In a Congressional hearing Thursday, Republican lawmakers indicated a willingness to reform the Fair Labor Standards Act (FLSA), the bedrock Depression-era statute that established a minimum wage and time-and-a-half overtime for American workers.
Although he proffered no prescription for reform, Rep. Tim Walberg (R-Mich.), who chairs the House education and workforce committee, called the hearing to explore whether the fair labor law is "meeting the needs of the 21st century." Invited to testify by the Republican majority were two business executives and a lawyer who said the statute has become too onerous for contemporary employers, leading to an explosion of costly lawsuits brought by workers.
"The law was a significant expansion of the government’s authority when it was created in the midst of the Great Depression," Walberg said. "Good intentions can often lead to unintended consequences. It is hard to imagine a law intended for the workforce known to Henry Ford can serve the needs of a workplace shaped by the innovations of Bill Gates."
At issue is who's exempt and who's non-exempt from the fair labor law. Non-exempt employees are protected by its provisions, which guarantee at least the federal minimum wage and time-and-a-half for any hours worked in excess of 40. Exempt employees, most of whom are salaried and tend to work in white-collar capacities, are not protected by the law and can be asked to work overtime without compensation.
Non-exempt employees who feel they've been cheated out of pay can sue their employers. Companies large and small -- from Wal-Mart to small family restaurants -- often wind up in court, usually settling the minimum wage and overtime claims for a few hundred or a few thousand dollars. But Republican witnesses pointed to large-scale, million-dollar settlements as an indication that lawyers and workers are taking undue advantage of the law.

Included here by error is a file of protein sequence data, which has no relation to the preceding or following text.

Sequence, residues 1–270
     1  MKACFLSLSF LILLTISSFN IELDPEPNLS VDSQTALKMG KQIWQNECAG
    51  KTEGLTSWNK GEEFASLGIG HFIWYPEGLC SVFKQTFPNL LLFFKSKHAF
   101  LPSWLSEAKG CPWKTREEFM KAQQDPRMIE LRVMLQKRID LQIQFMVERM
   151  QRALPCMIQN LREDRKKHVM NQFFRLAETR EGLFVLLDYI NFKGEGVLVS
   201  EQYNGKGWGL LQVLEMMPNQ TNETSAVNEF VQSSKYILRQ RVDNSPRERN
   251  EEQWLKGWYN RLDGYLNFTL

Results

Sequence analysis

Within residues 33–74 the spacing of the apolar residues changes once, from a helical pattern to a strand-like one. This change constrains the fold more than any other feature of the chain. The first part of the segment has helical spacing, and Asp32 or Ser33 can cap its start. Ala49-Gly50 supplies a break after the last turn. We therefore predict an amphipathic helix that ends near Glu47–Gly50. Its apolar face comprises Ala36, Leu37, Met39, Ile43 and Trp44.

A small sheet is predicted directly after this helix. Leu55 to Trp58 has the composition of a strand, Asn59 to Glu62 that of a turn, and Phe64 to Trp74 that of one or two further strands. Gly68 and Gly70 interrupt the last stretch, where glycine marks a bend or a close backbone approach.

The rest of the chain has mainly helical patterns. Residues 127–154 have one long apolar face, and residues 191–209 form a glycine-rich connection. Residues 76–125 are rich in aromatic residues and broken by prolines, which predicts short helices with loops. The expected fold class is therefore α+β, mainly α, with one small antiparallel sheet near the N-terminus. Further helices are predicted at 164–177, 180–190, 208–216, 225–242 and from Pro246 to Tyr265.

J. Randall McDonald, a senior vice president at IBM, said the statute needs updating, suggesting that some workers who are currently covered by the law shouldn’t be. "How do you define some of the work now being done that the law didn’t anticipate?" he asked. "Our ability to use technology has dramatically changed the workplace."
Aaron Albright, a spokesman for Democratic committee members, said Republicans are essentially trying to "roll back" the statute so that fewer workers can receive overtime pay.
"What's the purpose for the tinkering? It's basically to reclassify workers so that they're not eligible for overtime or minimum wage," Albright told HuffPost. "The proposition is workers are making too much money, and that's probably a surprise to workers who haven’t seen a raise in quite a while. This is about large corporations increasing their bottom lines."
In a telling exchange at the hearing, Rep. Dennis Kucinich (D-Ohio) asked each of the witnesses the same question: Should the federal minimum wage of $7.25 be raised, lowered, or kept the same?
"I don't understand the nature of the question," McDonald responded. The two other Republican witnesses also dodged the question.
Only Judy Conti, the federal advocacy director for the National Employment Law Project, gave Kucinich a firm answer, saying the minimum wage is due for a raise.
"I want to thank our witnesses for being here," Kucinich said to those sitting alongside Conti. "Your presence here proves what's wrong" with this country.